July 28, 2017

Religious communities express support for Archbishop Thompson

Archbishop Charles C. Thompson is the shepherd not only for the clergy and lay faithful in parishes across central and southern Indiana.

He is also a pastoral leader for the men and women religious in the archdiocese, especially those whose communities are based here.

Leaders of these religious communities recently shared with The Criterion their reaction to the appointment of Archbishop Thompson, and their hopes for his future leadership of the archdiocese.

Benedictine Archabbot Kurt Stasiak, the leader of Saint Meinrad Archabbey in St. Meinrad, was especially delighted at the news of the appointment since Archbishop Thompson received his priestly formation at his community’s seminary and later served on its faculty.

“Because he is an alumnus, we at Saint Meinrad believe we contributed to his priestly formation, a formation which has resulted in a gracious, effective, and happy priest and then bishop—and now archbishop,” said Archabbot Kurt, who taught Archbishop Thompson in a course on sacramental theology. “We are ‘humbly proud’ of our support of the Archbishop-designate over the years.”

Franciscan Sister Maureen Irvin, congregational minister for the Congregation of the Sisters of the Third Order of St. Francis in Oldenburg, and other religious order leaders in the archdiocese have already come to know Archbishop Thompson through yearly meetings they have had with bishops from across the state.

She hopes that Archbishop Thompson will do much to build on the pastoral leadership of his predecessor, Cardinal Joseph W. Tobin of Newark, N.J.

“Being a pastoral leader who calls Catholics to respond

to the social justice issues of our time, including poverty, immigration, the death penalty, climate change, human trafficking and the sanctity of all life would surely

challenge and enrich the Church of central and southern Indiana,” Sister Maureen said. “Perhaps he can find ways to reach out to young Catholics, and help them to feel more a part of the archdiocese and the Church. I anticipate that he will be a strong spiritual and pastoral leader.”

She also noted that many religious communities, including her own, are currently living through times of change and decision making about the future.

“We anticipate that Archbishop Thompson will be sensitive to all that is happening for vowed religious, and supportive of the major decisions that congregations are having to make,” Sister Maureen said. “As Sisters of St. Francis, we will be planning for the future of some of our ministries. The fact that he is a canon lawyer will be very helpful.”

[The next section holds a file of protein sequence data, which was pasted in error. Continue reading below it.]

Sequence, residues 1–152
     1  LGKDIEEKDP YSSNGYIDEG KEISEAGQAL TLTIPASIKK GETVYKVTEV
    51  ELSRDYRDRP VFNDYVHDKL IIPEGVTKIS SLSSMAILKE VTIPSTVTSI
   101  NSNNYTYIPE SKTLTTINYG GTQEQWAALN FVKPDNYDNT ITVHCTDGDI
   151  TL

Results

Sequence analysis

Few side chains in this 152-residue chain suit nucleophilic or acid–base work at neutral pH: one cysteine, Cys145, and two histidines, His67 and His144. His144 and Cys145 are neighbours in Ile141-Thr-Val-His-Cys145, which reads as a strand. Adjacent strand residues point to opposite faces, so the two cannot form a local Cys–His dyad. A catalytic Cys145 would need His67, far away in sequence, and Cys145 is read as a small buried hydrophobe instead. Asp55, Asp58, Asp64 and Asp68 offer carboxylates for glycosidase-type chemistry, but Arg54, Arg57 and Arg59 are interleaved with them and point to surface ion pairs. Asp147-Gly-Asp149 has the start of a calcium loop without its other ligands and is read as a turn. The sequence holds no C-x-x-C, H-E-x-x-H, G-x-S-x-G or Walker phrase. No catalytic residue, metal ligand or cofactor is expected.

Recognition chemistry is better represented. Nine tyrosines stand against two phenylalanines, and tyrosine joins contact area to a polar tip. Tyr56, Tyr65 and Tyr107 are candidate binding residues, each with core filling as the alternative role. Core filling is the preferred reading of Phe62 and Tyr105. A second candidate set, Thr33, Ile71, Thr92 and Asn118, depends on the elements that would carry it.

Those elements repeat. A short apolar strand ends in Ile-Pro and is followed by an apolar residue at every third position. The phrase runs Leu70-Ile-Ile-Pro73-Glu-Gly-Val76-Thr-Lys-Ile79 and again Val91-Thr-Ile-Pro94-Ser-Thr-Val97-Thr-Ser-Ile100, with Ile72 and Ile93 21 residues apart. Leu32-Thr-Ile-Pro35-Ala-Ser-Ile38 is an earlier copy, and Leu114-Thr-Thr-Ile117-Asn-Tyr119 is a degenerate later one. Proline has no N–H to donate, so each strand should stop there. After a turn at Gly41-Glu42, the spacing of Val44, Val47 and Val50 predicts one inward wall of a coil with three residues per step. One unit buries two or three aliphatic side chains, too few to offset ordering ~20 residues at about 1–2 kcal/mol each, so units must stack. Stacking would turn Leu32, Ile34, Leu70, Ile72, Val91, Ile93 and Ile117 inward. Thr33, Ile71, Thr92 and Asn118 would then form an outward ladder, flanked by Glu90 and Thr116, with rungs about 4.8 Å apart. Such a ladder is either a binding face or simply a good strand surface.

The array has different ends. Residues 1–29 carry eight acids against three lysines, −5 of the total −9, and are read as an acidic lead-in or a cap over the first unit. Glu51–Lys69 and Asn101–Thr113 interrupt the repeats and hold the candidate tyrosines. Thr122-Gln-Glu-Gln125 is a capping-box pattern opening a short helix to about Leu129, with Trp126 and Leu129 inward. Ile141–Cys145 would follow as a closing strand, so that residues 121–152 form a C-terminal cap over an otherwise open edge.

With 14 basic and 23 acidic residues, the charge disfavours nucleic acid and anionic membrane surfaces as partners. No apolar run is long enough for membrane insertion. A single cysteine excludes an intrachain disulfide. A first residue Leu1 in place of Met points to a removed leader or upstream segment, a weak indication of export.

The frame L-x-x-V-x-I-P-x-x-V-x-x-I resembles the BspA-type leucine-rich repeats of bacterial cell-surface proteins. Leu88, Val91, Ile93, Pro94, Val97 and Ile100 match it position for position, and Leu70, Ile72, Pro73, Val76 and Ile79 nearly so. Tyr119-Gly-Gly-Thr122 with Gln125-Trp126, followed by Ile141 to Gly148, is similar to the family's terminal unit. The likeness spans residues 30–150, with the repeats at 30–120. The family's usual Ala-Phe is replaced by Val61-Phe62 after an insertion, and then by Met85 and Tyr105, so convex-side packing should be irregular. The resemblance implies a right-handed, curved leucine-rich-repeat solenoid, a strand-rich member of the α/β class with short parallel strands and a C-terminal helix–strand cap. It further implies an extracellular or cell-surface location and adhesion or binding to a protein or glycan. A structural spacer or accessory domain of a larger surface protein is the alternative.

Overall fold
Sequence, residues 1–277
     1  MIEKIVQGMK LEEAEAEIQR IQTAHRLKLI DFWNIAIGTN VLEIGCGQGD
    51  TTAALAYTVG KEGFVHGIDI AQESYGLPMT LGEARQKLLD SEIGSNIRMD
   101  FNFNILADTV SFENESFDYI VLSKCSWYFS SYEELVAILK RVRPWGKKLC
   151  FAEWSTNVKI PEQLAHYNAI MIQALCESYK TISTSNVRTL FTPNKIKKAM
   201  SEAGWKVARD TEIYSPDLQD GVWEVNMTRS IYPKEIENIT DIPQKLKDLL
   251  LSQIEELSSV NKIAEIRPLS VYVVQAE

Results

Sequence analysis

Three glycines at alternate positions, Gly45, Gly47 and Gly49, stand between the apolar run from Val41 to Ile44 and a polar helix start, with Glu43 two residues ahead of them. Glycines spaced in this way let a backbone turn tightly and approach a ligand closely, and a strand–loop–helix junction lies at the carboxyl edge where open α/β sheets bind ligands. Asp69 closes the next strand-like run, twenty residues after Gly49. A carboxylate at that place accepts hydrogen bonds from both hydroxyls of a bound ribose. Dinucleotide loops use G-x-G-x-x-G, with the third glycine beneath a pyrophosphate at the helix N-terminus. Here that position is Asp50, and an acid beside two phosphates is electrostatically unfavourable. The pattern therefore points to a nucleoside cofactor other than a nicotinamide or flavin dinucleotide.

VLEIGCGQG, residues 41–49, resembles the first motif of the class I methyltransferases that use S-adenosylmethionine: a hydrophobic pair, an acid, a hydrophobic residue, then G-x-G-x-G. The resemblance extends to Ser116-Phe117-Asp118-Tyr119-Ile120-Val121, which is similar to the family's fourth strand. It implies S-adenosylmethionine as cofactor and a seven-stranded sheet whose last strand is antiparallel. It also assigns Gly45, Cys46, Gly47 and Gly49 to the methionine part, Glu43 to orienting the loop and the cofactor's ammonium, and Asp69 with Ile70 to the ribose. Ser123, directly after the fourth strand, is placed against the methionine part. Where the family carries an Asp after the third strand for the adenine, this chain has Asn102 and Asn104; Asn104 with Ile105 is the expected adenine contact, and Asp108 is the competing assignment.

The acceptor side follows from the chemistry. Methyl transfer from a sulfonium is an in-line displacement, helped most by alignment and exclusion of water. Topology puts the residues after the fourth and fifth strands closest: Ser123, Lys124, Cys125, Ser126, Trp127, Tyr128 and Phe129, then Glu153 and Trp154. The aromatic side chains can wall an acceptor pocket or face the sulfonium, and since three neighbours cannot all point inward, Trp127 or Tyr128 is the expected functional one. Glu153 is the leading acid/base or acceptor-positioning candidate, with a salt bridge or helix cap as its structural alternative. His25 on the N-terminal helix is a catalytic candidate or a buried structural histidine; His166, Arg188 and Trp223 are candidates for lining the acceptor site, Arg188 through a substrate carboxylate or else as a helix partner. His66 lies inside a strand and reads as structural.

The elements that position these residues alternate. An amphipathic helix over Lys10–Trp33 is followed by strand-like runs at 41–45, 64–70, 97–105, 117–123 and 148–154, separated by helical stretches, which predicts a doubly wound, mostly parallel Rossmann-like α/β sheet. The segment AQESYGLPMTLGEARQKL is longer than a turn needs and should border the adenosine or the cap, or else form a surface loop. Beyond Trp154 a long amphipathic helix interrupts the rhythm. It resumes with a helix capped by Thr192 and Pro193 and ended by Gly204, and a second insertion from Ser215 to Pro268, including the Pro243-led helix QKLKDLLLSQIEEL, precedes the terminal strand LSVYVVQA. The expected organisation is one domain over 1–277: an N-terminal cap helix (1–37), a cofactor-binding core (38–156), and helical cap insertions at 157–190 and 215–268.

Providence Sister Dawn Tomaszewski, general superior of the Sisters of Providence of Saint Mary-of-the-Woods, appreciates Archbishop Thompson’s pastoral leadership and expressed her expectation that her community will assist him in ministering to the Church in central and southern Indiana.

“Bishop Thompson led the Diocese of Evansville through a highly inclusive pastoral planning process,” she said. “He will bring those gifts to the Archdiocese of Indianapolis.

“I certainly hope Archbishop-designate Thompson would find us willing collaborators in continuing the mission of Jesus in whatever ways that might be helpful or fruitful. The Sisters of Providence have long been dedicated to the Church in Indiana, and wish to continue the legacy begun by our foundress St. Mother Theodore Guérin.”

Conventual Franciscan Father James Kent, provincial of his order’s Province of Our Lady of Consolation based in Mount St. Francis, said he looks forward to the leadership that Archbishop Thompson can show in this time marked by many divisions in society.

“The Archbishop-designate has said he most often finds the truth in the center,” said Father James. “In a culture so fractured and with such apparent little interest in overcoming the divide, my hope is Archbishop Thompson can shepherd the people of central and southern Indiana to pastures that serve the common good, rooted in the truth of the Gospel, and which unites our diversity through the grace of Jesus Christ’s self-sacrificing love.”

Benedictine Sister Jennifer Mechtild Horner, prioress of Our Lady of Grace Monastery in Beech Grove, hopes that her community can help Archbishop Thompson give support to people in need in the archdiocese.

“It is important that we reach out to the poor, immigrants, refugees and anyone else in need,” she said. “As our shepherd, Archbishop Thompson can take the lead in calling the clergy, religious and all the faithful to reach out to all people bringing them the good news of Jesus Christ.”

While various religious communities across the archdiocese foresee collaborating with Archbishop Thompson in actively accomplishing the mission of the Church in central and southern Indiana, the Discalced Carmelite nuns of the Monastery of St. Joseph in Terre Haute plan on supporting Archbishop Thompson much as they have his predecessors—through a hidden life of prayer in their cloistered community.

“Each archbishop in the history of our community has always held a special relationship with us, as our life is dedicated to the spiritual support of the local Church and its shepherd,” said Mother Anne Brackmann, the monastery’s prioress. “It is our hope that this mutual enrichment will continue. It is our privilege to support him with our life of contemplative prayer, and our efforts to live the Gospel in our particular vocation in the Church.” †

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